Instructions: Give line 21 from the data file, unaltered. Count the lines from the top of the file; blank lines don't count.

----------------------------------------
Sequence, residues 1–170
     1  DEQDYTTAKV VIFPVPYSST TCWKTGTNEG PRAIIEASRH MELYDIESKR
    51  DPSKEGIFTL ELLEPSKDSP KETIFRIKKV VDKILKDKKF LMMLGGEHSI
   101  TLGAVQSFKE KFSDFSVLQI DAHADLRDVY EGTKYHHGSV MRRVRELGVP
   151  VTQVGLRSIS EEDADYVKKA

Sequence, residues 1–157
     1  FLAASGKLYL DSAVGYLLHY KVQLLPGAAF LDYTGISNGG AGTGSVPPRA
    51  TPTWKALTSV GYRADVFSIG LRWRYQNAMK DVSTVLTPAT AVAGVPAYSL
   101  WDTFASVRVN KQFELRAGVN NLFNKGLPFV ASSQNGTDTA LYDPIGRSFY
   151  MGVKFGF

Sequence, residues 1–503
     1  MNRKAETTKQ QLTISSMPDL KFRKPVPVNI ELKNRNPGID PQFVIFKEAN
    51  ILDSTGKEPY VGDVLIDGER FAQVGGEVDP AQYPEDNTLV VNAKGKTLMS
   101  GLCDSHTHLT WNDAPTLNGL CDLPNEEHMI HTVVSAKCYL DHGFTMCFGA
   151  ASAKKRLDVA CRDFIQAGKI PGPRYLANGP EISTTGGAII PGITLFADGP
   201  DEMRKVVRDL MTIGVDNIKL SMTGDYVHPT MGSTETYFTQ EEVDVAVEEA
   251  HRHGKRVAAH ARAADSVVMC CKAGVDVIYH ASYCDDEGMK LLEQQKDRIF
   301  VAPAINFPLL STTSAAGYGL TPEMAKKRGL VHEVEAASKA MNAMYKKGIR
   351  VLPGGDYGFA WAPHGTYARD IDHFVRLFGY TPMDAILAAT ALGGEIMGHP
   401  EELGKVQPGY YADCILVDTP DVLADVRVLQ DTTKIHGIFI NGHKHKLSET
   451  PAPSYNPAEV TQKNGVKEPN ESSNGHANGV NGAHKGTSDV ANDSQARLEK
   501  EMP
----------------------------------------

   451  PAPSYNPAEV TQKNGVKEPN ESSNGHANGV NGAHKGTSDV ANDSQARLEK